“Are you here for the Jon event?” a young volunteer asked me as I arrived.
The Jon event was taking place at lunchtime in late October, in a mid-sized function room on the campus of Montana State University, in the city of Bozeman. MSU was founded as an agricultural college by federal land grant in 1893, four years after Montana joined the Union. It had five male and three female students at the time. Today, it retains an emphasis on the study of the land, with numerous research centers for agricultural and biological sciences, but its 17,000 students are as likely to be preparing for careers in business management. They crisscrossed the campus purposefully on the day of the Jon event, moving between shiny facilities in anoraks and headphones.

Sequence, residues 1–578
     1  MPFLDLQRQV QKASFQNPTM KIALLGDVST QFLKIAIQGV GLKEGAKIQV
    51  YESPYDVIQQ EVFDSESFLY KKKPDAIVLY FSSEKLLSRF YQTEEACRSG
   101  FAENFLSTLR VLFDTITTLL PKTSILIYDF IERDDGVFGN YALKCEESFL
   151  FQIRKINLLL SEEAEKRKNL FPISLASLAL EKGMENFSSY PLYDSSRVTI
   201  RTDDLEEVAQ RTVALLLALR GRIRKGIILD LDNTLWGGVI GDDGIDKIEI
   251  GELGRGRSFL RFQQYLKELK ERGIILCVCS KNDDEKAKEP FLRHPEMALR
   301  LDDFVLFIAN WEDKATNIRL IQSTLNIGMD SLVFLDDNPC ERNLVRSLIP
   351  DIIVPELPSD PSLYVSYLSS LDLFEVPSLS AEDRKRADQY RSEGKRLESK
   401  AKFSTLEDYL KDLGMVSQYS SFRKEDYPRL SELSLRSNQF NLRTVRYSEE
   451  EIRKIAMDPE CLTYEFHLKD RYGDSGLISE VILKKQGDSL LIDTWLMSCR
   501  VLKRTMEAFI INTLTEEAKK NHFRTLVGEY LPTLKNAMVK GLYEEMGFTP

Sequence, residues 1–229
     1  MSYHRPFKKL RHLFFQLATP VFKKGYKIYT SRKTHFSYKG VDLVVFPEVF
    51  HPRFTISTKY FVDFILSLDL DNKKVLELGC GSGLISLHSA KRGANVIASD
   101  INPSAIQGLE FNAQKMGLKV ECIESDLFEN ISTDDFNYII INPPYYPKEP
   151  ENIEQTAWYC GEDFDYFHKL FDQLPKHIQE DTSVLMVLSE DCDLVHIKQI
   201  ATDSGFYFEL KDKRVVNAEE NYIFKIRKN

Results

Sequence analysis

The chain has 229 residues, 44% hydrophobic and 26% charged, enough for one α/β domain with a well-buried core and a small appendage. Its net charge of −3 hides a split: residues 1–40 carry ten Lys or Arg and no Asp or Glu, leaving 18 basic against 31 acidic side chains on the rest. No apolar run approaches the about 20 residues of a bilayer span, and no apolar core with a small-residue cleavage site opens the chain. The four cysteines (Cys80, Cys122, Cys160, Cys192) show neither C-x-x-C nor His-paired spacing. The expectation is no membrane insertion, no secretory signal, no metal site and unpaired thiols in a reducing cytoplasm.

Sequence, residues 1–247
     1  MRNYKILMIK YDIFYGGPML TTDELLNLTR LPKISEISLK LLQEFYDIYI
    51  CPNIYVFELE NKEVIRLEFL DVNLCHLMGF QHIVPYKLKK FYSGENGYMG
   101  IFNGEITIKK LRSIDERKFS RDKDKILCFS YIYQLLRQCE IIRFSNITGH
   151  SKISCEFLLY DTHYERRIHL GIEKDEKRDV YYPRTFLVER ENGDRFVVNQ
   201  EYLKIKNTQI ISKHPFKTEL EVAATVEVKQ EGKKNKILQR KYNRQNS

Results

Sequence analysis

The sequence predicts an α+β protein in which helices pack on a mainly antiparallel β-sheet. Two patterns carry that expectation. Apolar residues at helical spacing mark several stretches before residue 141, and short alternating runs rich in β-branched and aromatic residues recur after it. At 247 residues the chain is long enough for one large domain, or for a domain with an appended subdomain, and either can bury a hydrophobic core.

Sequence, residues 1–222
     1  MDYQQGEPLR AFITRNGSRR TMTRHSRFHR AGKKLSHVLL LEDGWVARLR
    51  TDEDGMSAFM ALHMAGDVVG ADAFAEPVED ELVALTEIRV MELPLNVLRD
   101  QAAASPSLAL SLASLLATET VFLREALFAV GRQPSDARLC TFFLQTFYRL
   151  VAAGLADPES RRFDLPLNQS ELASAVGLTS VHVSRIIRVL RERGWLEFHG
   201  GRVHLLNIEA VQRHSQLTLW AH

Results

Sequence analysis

MSU was a good symbolic fit for the Jon in question, U.S. Senator Jon Tester, the Democrat running for a third six-year term in rural, conservative Montana. Tester is a hereditary Montana grain farmer, who returns from Washington D.C. on weekends to work the land homesteaded by his grandparents. While in Washington, he usually votes along party lines. He won both his previous elections without a majority; meanwhile, Donald Trump carried Montana by 20 points in 2016. Like the other Democratic incumbents in strong Trump states, whose re-election fights will determine control of the Senate on Tuesday – Joe Manchin in West Virginia, Heidi Heitkamp in North Dakota, Joe Donnelly in Indiana, and Claire McCaskill in Missouri – Tester is leaning heavily on his strong personal ties to his state, and his work on local issues that might transcend national politics…